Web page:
In my experience, and I have been accused of being un-Canadian, it means not voicing reflexively anti-American opinions, supporting Bush's foreign policies and War in Iraq, hoping for democracy to take hold in the Middle East, calling terrorism terrorism, being extremely sceptical of multiculturalism with its bastard child, "reasonable accommodation", criticising the UN and Louise Arbour, not finding excuses for radical Muslims' preachings, and being against the "notwithstanding" clause that permits Quebec to be in perpetual breach of Canadian Constitution. These are just a few of the attributes that mark out one as being un-Canadian.
Here is an example of a religiously- offensive artefact. Perhaps, in the tradition that seems to gain so much support for suppressing the right to free expression, they should sue the artist, the collector and the paper which reproduced a photo of this puerile artefact, bringing its story to the knowledge and awareness of thousands of unsuspecting readers. Because, as one cleric says, "for Christians, the image of Jesus is very special, and to interpret it in a sexualized way is an affront to what we hold dear."
In a bizarre denouement from the Danish cartoons to Darfur, here comes the latest shocker:
Sweden and Norway were ready to deploy 400 soldiers in Darfur to support the UN peacekeeping forces, but due to the cartoon crisis in 2006 the regime in Khartoum has refused to accept troops from Scandinavia.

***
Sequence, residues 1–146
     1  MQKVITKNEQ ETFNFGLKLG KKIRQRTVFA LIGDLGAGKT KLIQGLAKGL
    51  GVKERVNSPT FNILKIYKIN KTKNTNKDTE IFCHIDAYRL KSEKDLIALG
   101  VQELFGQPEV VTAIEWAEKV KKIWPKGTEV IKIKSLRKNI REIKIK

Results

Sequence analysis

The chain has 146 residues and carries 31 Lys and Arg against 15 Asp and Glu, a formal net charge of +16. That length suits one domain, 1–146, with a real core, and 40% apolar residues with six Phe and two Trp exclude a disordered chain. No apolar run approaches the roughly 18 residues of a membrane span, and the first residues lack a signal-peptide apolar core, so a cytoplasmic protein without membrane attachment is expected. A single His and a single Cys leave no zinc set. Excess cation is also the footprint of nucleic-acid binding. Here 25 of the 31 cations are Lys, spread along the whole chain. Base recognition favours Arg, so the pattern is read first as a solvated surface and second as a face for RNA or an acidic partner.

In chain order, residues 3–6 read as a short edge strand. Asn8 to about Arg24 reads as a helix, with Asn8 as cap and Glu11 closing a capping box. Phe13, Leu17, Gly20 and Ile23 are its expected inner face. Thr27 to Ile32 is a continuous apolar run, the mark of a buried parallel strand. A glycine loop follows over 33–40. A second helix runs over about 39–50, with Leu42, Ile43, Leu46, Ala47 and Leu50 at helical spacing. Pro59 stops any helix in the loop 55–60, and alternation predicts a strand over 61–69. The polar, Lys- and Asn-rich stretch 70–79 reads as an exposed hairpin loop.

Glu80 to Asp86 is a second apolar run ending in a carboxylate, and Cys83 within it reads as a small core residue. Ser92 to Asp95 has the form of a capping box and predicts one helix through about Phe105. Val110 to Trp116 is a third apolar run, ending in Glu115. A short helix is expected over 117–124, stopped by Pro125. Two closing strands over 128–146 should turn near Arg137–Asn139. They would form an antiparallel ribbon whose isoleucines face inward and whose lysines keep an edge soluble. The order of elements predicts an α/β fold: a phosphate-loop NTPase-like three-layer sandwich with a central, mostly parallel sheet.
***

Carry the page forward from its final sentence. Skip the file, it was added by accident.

”The Opposition from Sudan makes it impossible to keep the promise of a Norwegian-Swedish commitment,” the ministers of foreign affairs from the two countries said in a statement.
Sudan’s President Omar al-Bashir stated in November that he won’t accept soldiers from Scandinavian countries, where newspapers published cartoons of the prophet Mohammed.
”No one who speaks blasphemeous of the prophet will be allowed to set foot on Sudan soil,” said President al-Bashir.
The Danish newspaper Jyllands-Posten published cartoons of Mohammed in September 2005, and the Norwegian newspaper Magazinet reprinted the cartoons in January 2006. None of the big Swedish newspapers published the cartoons, but in the fall of 2007 they reproduced drawings of Mohammed as a dog by Swedish artist Lars Vilks that were censored by several Swedish art institutions.
There is a nice clash of civilizations for you in its starkest barbarism: The values of Western liberalism, which give people the broadest possible range of freedom in which to act, now stands in direct opposition to the Muslim values of Sharia, which maximally constrict individual freedom. This liberalism, that seeks to preserve human life and dignity, is now being exploited by the Islamic government of Sudan as a pretext to prevent the prevention of an on-going genocide.
Mafia tactics, on a global scale: You behave as we tell you to behave, you will say what we allow you to say, you will not say what we forbid you to say. If you abide by our laws, we may cooperate with your good intentions. If you do not, more people will get massacred, more women will get raped, more children will get their arms and legs chopped off.
And why shouldn't the Sudanese act like a Soprano thug, when democracies like Canada are prostrating themselves in extra effort to appease Islamic outrage with free expression? We give in to pressure, we decide to tighten just a little the space available for our freedom, thinking, surely, this is not such a big deal. Who is getting hurt here? Nobody. And we can have civic harmony. Not a big price to pay. But the little is never enough, and we are asked to make greater space for greater demands, which we succumb to, in the spirit of multiculturalism. And before we know it, we are faced with a problem from hell, like this one.